CEOs' top healthcare pain points

As Hospital Week comes to an end, Becker's connected with hospital and health system CEOs to get their take on some of the biggest issues they would like to see addressed in the healthcare industry.

Workplace violence, financial distress, hospital closures, and the need for cost control are just some of the issues top of mind for these leaders over the next few years. The importance of celebrating and working with healthcare workers at their organizations to develop solutions and address some of these challenges was also noted. 

The below responses provide an expanded look into the challenges needing to be addressed in healthcare to improve outcomes for healthcare workers, their patients and communities alike. 

Note: Responses have been lightly edited for length and clarity.

David Goldberg, President and CEO of Mon Health System (Morgantown, W.Va.), Executive VP of Vandalia Health (Charleston, W.Va.)

Question: As a healthcare leader, what does Hospital Week mean to you?

David Goldberg: As we reflect on nurses and now Hospital Week, we are so grateful for the highly skilled and patient-centered professionals staffing our healthcare organizations. 

Q: What hospital issues would you like to see addressed in the next year?

DG: Ongoing cyber threats and impacts, continued pockets of staff shortages, higher acuity post-pandemic, and community care needs never stop being in focus for Mon Health System. 

Q: How can we address these issues? 

DG: Adding an election year dynamic and consternation between parties at all levels of government impact policies, regulations, and care expectations. A major focus of ours continues to be support from regulators, payers, and policy makers to ensure they stay reasonable on the burdens being placed on us. 

Artificial Intelligence tools, vertical and horizontal consolidations across the industry, ongoing margin pressures from the inflationary environment with high interest rates all remain focus areas for us to ensure high standards in care delivery during turbulent times.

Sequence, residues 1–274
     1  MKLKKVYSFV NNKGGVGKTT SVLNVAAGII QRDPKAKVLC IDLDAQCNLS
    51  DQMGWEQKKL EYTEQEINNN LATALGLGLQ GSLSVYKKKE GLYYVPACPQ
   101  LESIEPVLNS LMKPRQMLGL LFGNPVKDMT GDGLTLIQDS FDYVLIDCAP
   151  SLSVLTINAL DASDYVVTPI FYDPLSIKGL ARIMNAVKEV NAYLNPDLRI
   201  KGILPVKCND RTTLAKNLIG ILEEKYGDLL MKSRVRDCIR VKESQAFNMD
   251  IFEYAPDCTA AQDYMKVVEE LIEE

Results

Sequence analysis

J. Stephen Jones, MD, President and CEO, Inova (Falls Church, Va.)

Question: As a healthcare leader, what does Hospital Week mean to you?

Dr. J. Stephen Jones: For me, Hospital Week is always about celebrating our people – it’s about honoring the commitment, resilience and teamwork that define our healthcare community.  It’s also a reminder that every role, no matter what that is, is essential in providing world-class care to our patients. Over the years we have taken meaningful steps in showing our team members how much we value and appreciate them. The doctors and nurses are obvious and always get recognition, but every single person performing every single bit of this complex work we do is our focus in Hospital Week. We use Hospital Week as a key moment to reinforce this commitment and express gratitude for those tireless efforts, long hours and unwavering compassion that our team members bring to our patients every day.

Q: What hospital issues would you like to see addressed in the next year?

JSJ: Workplace violence and incivility. Our healthcare workers dedicate their lives to caring for others, so caring for them and ensuring their safety is a top priority. Being attacked physically or verbally is never an acceptable part of their job and they shouldn’t have to fear for their safety while caring for patients.  

Q: How can we address these issues? 

JSJ: At Inova, we have a zero tolerance policy and we've implemented several initiatives to combat workplace violence, including a robust reporting structure that not only encourages team members to report incidents but ensures they receive the support they need.

Q: Any additional thoughts you'd like to share on hospital week?  

JSJ: Hospital Week is about celebrating the people who make a difference every day, acknowledging the issues they face and fostering an environment where they feel valued, supported and cared for.

Kerry Heinrich, President and CEO, Adventist Health (Roseville, Calif.)

Question: As a healthcare leader, what does Hospital Week mean to you?

Kerry Heinrich: During National Hospital Week, I celebrate the skills and dedication of each person who helps our mission come to life. Great healthcare is a team effort, and Adventist Health's team comprises over 38,000 talented employees, physicians, allied health professionals and volunteers. A patient may only meet a few people on their care team, but each role is essential to creating lasting health and wholeness.

Q: What hospital issues would you like to see addressed in the next year?